The EuroSkills competition took place last week in Gdansk, Poland with 32 countries presenting about 600 competitors in 42 skills areas. Most member states of WorldSkills International (WSI) concluded their national competitions in readiness for registration of competitors for the 2024 WorldSkills competition in Lyon France.
Equally, WorldSkills Asia and WorldSkills Americas have concluded their regional competitions also with very powerful themes that promote skills recognition and professional development, hence driving improvements in vocational training.
Kenya too conducted its inaugural national skills competition from 28th August to 1st September 2023 where over 150 youth from 32 TVET institutions and 13 universities participated in 18 skills areas of which 10 skills have been registered for competition in Lyon.
This momentous occasion will not only provide an opportunity to our competitors to showcase their competencies in their respective trades, but also a sign that Kenya is ready as a source of skilled labour. It will also go a long way in shaping and improving the quality and relevance of our vocational training system.
In the TVET strategy for 2023-29, UNESCO has put forth three priorities for skills.
The first one is skills for individuals to learn, work and live, second is for economies to transition towards sustainable development, and third is for inclusive and resilient societies.
TVET therefore is at the intersection of education and the world of work, and is expected to facilitate the insertion of individuals into the labour market, and their career progression.
It is also part of the social contract which should guarantee the right to education and decent employment, as well as intergenerational solidarity. TVET systems therefore should be proactive in the way they adapt their training supply to the benefit of individuals, economies, and societies.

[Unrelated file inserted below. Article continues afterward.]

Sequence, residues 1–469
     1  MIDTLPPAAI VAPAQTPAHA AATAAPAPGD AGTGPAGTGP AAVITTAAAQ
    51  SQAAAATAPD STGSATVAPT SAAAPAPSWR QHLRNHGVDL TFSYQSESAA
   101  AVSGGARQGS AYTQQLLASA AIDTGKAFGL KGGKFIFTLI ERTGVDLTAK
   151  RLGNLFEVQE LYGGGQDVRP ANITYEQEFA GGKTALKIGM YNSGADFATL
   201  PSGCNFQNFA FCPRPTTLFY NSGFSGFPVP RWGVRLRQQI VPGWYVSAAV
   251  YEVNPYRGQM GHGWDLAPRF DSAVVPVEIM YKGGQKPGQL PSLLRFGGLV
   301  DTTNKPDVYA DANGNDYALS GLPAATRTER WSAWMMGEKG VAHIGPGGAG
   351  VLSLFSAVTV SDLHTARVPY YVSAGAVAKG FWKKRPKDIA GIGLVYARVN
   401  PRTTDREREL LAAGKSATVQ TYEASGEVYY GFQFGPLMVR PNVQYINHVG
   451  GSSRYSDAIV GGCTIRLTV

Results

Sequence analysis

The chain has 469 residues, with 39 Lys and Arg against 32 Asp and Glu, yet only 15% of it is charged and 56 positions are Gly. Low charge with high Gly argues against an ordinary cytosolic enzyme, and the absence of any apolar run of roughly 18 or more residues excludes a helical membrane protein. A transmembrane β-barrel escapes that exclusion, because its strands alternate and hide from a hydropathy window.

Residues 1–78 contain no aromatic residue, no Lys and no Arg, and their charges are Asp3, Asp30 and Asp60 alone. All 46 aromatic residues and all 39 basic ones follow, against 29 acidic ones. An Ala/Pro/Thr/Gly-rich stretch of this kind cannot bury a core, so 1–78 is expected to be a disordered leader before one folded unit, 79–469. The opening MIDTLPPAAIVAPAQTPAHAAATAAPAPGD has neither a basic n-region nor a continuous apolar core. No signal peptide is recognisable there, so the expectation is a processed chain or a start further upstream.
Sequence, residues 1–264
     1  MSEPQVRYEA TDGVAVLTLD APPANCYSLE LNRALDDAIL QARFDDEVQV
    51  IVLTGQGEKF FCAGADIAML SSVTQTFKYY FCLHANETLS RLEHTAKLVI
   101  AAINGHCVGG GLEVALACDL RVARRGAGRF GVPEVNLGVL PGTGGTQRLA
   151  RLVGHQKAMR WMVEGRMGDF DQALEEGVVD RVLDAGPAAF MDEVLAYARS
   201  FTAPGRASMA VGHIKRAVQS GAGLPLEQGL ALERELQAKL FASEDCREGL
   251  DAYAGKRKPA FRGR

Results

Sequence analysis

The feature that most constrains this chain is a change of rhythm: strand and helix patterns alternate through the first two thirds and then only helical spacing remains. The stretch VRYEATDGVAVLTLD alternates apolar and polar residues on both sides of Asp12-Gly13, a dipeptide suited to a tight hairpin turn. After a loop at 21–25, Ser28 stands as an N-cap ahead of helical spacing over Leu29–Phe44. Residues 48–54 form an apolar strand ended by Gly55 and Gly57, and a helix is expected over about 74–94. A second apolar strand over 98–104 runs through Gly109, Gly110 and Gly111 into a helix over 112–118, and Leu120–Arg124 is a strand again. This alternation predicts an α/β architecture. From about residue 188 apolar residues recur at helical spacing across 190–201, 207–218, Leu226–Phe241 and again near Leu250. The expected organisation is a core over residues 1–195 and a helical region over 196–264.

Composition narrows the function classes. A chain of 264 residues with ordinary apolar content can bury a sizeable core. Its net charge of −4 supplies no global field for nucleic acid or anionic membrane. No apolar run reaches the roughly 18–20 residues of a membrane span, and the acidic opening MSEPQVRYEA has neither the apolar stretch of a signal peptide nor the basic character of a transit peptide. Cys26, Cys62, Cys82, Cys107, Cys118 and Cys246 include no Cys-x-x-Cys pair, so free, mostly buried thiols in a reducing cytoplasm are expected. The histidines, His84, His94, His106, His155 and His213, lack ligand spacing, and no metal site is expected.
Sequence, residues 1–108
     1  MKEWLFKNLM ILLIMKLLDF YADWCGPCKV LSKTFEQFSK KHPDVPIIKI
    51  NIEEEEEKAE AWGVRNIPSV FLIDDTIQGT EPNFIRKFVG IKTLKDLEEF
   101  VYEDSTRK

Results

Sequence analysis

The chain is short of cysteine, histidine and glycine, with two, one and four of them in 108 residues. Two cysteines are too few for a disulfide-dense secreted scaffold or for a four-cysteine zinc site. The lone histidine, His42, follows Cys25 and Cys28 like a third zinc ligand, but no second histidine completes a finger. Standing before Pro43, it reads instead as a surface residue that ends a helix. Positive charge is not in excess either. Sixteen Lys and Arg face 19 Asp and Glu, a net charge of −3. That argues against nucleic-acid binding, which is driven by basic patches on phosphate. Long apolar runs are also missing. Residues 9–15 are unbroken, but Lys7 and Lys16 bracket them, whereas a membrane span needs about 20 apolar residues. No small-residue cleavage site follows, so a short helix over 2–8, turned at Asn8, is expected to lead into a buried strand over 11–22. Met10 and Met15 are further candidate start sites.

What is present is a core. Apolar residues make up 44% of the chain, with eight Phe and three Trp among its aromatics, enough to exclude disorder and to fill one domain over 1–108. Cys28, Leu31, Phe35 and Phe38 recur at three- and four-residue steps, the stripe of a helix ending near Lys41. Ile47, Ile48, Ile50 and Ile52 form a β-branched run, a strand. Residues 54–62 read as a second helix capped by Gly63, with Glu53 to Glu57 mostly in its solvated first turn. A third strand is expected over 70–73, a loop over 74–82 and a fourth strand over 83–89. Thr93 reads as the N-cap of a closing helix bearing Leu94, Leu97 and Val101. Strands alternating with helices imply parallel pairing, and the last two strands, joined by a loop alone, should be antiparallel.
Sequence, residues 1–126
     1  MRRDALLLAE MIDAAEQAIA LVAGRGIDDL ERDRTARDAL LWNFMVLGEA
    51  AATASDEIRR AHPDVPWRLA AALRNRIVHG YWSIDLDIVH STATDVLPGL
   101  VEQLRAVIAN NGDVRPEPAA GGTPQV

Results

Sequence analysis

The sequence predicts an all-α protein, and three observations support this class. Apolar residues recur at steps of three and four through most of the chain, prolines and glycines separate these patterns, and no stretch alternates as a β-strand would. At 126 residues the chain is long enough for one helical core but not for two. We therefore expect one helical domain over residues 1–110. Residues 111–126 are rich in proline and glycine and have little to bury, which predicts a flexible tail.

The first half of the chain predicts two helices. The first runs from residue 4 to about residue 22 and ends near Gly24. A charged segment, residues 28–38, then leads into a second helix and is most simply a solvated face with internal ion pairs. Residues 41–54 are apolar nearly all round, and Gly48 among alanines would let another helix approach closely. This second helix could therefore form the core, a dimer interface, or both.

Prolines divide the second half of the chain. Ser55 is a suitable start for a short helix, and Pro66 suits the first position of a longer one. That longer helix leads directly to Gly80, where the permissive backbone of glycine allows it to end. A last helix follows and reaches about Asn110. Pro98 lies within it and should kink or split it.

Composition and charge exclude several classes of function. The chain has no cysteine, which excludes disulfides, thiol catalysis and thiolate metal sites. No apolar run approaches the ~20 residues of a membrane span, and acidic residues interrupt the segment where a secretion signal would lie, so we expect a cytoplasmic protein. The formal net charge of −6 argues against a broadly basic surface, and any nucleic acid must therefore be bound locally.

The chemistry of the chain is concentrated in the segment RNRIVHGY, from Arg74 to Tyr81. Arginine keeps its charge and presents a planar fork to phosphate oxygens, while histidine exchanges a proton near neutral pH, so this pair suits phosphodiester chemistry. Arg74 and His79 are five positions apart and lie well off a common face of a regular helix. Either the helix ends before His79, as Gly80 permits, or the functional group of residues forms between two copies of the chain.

To achieve objectives of TVET, WorldSkills International (WSI) activities must became and an integral part of vocational training system of every country as WSI practices are meant to improve quality of vocational education as its standards contain consistent and reliable benchmarks for TVET skills and qualifications.
TVET providers use this to revise curriculum and learning assessment methodologies on the basis of these well-recognised and reputable standards. The key point is that WS standards, adapted to everyday training and assessment preparation, shape training programs and TVET curricula at the microlevel.
Thus, the WorldSkills Competition approach has been successfully embedded into most of the Member States vocational education and is making TVET more challenging and effective.
The competitions offer real career experience as students are challenged to achieve a level of practice that is professional, in-demand and expected, as well as to master communication and teamwork skills. This learning by doing approach helps contestants to make a smooth transition from training to work and fosters the formation of professional identity, independence, and initiative.
While competitions are just one early step on the training success ladder as it involves building the expertise of its staff, raising the standards of skills, and allowing competitors to win national and international medals, it also raises their skill profile hence helping them to have a better transition to work.
It is important to note that competitions are not about the few who win but about the many whose lives can be shaped by them. Competitions are a critical tool for attracting young people to vocational training and also for keeping TVET systems up to date with changes in technology and the requirements of industry.
The writer is the Director General TVETA. [email protected]
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